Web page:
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Too much pressure? But, but I thought he was Mark Messier, gods gift to hockey. The greatest leader to ever step on the ice. He`s supposed to laugh in the face of pressure and eat it for breakfast.
He was an old man, the canucks never won anything before and even the best captain ever couldn't help the franchise, he succeeded everywhere else but when he joins the canucks BOOM! I don't think it's fair to point fingers at Messier alone when other player underperformed the season before, it was already a mess before Messier got here.

Quote:
If he was concerned about pressure, then perhaps he should have signed for a little less than a superstar sized contract and the pressure to perform that comes with that. Perhaps he should have not been so quick to accept the captaincy and the pressure that, that role brings with it.
Perhaps management shouldn't have given a 36 year old that contract.

It's not like Messier begged for the spotlight and captaincy, Linden was kind enough to give it to him, Leetch also gave him captaincy and that turned out alright.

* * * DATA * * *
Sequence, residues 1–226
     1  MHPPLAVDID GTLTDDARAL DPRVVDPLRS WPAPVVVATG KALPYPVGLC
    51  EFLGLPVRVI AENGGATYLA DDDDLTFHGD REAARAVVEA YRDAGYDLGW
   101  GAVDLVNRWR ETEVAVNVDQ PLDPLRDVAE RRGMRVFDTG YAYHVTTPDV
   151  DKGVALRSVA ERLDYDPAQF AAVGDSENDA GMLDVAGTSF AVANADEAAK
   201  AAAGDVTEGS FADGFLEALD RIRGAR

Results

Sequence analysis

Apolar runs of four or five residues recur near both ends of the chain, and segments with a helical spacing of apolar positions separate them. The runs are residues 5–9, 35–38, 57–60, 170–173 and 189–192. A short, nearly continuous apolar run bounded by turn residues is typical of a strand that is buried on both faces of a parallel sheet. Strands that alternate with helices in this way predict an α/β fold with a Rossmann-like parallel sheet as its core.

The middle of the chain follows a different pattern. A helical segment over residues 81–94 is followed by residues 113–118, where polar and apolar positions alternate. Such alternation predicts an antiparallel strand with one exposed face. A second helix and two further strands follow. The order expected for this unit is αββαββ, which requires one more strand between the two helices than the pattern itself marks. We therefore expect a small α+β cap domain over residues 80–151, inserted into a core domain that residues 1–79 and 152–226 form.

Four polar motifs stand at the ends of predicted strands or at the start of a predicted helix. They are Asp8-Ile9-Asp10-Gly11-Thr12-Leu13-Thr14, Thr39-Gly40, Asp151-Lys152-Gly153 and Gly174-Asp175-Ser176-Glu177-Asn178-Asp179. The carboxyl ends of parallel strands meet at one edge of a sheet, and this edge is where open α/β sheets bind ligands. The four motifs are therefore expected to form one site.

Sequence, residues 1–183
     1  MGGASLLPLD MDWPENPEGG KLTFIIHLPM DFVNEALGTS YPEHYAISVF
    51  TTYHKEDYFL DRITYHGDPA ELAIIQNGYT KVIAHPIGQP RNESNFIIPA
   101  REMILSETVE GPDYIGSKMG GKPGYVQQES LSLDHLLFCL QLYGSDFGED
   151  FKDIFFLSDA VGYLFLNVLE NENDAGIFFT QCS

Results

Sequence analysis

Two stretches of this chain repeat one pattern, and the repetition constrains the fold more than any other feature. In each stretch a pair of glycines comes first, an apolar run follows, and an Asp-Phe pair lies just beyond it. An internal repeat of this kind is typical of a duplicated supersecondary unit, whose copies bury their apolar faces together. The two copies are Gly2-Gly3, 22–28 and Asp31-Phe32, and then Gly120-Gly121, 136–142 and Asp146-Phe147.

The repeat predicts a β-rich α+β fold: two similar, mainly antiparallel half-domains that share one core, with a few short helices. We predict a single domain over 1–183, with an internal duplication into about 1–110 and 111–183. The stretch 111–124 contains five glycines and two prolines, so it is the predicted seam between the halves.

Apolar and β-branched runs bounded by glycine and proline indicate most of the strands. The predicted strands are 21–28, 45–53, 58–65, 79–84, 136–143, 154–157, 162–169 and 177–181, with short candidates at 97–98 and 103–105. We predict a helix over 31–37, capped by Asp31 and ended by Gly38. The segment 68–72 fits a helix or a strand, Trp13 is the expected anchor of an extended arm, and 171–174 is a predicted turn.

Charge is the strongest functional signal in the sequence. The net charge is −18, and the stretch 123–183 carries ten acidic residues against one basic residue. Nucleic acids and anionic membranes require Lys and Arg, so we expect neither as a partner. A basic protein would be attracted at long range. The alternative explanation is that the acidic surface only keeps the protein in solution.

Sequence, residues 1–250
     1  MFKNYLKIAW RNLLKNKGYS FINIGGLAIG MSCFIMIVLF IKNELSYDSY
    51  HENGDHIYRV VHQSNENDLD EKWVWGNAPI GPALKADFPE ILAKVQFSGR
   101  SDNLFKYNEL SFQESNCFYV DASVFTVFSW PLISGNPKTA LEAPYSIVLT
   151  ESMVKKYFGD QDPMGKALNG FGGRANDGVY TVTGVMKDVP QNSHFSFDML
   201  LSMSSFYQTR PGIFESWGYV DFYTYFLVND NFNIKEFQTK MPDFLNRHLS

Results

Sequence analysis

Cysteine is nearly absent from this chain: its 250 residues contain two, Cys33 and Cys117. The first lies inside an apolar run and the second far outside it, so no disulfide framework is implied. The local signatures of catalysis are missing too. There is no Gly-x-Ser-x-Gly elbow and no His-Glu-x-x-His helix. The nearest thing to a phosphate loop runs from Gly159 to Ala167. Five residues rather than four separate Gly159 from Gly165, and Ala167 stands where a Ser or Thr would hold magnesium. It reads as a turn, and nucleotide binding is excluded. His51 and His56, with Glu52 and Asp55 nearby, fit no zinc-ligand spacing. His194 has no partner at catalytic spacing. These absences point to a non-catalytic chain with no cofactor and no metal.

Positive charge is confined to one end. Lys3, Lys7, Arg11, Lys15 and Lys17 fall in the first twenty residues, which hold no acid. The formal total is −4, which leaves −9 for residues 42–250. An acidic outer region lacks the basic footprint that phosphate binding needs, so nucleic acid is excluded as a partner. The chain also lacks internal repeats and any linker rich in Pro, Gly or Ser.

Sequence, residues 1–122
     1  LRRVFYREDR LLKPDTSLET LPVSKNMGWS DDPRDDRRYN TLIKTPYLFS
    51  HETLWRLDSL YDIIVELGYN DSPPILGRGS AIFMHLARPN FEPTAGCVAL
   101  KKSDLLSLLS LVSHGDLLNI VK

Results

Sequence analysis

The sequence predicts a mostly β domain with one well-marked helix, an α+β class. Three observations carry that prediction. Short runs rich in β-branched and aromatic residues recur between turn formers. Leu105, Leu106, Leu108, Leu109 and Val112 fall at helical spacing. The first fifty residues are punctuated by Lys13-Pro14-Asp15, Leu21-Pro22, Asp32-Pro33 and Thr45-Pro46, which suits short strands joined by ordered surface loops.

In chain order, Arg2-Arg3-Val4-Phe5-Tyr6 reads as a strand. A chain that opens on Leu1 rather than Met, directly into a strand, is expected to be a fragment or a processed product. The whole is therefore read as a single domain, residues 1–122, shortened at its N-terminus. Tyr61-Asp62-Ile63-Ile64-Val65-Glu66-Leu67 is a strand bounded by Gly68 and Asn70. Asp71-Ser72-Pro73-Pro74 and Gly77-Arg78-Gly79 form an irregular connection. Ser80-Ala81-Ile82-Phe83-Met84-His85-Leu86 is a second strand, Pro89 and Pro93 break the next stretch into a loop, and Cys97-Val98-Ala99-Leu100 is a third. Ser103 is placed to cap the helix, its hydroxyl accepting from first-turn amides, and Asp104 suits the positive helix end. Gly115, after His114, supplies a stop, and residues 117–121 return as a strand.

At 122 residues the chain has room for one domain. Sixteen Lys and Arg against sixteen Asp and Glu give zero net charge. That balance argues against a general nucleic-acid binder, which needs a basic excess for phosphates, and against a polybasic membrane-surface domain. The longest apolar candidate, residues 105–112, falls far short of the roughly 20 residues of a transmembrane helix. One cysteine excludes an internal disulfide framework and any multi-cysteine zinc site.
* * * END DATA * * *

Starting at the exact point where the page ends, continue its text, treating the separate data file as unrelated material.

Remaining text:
Leetch won the cup, Linden, not so much.

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You know I get it, they love him in Edmonton, and New York, he won cup there. But the Mark Messier that performed there is not the Mark Messier that arrived in Vancouver, and he certainly was n`t the same player in the last seven years of his career.
Of course, he underperformed but to blame the whole franchise's epic 40 years of failure on him is not fair imo.

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Bottom line in hockey its simple, your judged by your results. And the result of the Mark Messier experiment in Vancouver was the franchise falling into a black hole for three years, which it did not recover from until he was gone.
I'll disagree, many oher players also underperformed including Messier, but why blame it all on him?

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Was it all his fault, no Mike Keenan was equally if not more to blame. But Messier certainly has to accept his share of the blame.
He did nothing wrong.

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All argument about the numbers Messier put up here aside his biggest failure in Vancouver was in what was supposed to be his biggest strength, leadership.